Thursday, 29 October 2009

Christopher Columbus, by Carl von Piloty


Piloty depicts Columbus at the very moment of discovery – a brief fragment of time before this he was all but defeated, his calculations checked and rechecked but his prize still tantalisingly out of reach, and his reputation all but shattered. But at this very instant the cry of discovery is heard: the voyage’s goal is reached, and the continent of America is claimed.  As historian Scott Powell says,

“The themes of the life of Christopher Columbus are timeless.  Among them are independence, vision, courage, dedication, perseverance.  All are captured in the excellent painting by German master historical painter Carl von Piloty in his painting simply entitled ‘Christopher Columbus’.”

But obviously qualities like independence, vision, courage, dedication and perseverance can’t just be picked off the canvas like pins from a pin cushion.  Read Scott Powell’s post to see how – and how well – Piloty has integrated these into his canvas.


  1. I have read the interpretation of the painting "Columbus" by von Piloty and am wondering where it comes from. I have just been to Alte Pinakothek in Munich and have to say that was particularly impressed by this picture. However - when looking at it from a close distance I had a totally different impression.

    I believe that the picture shows Columbus during the last days, hours, minutes or maybe even seconds BEFORE he discovered America. There are several elements that seem to welcome such an interpretation: everybody apart from Columbus seems to be asleep on the ship (they would surely be waking up if there was a cry that a land has been spotted), but even more compelling is Columbus's face which cannot be clearly seen in this reproduction. He seems to be terrified, anxious, with eyes widely open and I think I have spotted drops of sweat on his forehead.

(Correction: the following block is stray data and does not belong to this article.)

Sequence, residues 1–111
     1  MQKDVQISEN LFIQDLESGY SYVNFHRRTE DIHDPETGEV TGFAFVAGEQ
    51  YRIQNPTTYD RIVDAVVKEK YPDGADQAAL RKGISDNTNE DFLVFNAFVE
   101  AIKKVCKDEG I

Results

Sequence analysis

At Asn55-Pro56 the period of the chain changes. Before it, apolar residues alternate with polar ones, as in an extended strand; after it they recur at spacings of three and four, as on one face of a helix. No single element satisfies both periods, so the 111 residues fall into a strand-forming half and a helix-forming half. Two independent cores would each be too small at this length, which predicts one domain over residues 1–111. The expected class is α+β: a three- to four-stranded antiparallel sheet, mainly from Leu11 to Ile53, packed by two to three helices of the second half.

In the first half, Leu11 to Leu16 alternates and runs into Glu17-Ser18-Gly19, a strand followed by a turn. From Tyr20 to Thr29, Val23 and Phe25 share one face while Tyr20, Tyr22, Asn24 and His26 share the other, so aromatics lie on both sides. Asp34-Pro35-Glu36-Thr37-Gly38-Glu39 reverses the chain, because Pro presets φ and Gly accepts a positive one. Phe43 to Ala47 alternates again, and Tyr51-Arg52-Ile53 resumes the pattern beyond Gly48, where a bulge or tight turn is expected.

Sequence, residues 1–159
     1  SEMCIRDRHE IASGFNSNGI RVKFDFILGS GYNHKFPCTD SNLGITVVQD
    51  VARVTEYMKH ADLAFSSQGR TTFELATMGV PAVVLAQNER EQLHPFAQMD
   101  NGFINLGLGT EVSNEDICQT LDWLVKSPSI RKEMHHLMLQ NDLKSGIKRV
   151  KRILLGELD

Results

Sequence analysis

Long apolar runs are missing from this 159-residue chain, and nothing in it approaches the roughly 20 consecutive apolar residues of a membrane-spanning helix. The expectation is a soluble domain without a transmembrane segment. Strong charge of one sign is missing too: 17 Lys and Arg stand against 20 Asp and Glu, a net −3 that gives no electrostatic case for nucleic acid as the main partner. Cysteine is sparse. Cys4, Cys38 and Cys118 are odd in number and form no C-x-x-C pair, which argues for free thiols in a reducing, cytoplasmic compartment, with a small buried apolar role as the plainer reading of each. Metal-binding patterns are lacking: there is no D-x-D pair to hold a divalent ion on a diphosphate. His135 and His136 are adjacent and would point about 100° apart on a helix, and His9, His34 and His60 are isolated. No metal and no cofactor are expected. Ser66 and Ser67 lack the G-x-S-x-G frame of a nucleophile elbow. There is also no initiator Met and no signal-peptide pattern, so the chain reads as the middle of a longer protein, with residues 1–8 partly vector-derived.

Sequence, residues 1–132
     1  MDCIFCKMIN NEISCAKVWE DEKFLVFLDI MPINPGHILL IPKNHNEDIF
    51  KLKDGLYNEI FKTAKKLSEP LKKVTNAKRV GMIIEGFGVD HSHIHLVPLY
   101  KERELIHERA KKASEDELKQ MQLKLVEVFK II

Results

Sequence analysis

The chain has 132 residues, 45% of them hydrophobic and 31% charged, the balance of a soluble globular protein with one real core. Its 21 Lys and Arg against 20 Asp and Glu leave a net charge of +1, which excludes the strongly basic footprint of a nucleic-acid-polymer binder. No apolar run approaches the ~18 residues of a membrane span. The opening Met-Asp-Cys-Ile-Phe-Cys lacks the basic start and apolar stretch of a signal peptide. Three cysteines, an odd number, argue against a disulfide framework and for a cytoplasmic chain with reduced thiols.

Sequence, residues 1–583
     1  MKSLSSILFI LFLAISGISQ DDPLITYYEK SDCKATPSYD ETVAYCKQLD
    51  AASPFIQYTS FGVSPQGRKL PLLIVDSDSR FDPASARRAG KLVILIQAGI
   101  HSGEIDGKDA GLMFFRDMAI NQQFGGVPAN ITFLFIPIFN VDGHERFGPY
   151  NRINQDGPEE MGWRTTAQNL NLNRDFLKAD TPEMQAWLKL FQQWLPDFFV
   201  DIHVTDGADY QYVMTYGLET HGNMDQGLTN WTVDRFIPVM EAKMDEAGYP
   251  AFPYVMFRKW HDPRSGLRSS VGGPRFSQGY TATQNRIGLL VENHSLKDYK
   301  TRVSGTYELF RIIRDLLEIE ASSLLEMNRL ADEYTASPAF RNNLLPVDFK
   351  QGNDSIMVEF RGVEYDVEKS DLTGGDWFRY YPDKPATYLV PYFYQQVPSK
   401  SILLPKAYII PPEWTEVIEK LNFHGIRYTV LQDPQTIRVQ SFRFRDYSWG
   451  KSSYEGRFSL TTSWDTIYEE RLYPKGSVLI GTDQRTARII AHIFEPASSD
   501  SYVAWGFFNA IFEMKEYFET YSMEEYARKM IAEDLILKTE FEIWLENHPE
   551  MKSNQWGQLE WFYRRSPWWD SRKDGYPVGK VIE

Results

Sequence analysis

It seemed to me to be clearly a depiction of a man who had much trust put in him, much pressure to lead other people while he himself starts losing faith in his dreams and knows that he might be leading them to their doom. The doubts which many of us are often very familiar with. And wouldn't it make the theme of the picture even more compelling?

  2. Hi qragraq, I was relying on the interpretation of historian Scott Powell, at the link provided in the post above.

    I took the men asleep to be a metaphor for Columbus being completely alone in his decision to press on--and the identification of journey's end made by Columbus himself. Dramatically correct, if not nautically. ;^)

    I haven't had the benefit of studying the original canvas, however. I'm sure Scott would love to hear your assessment--you should make your commment there too.


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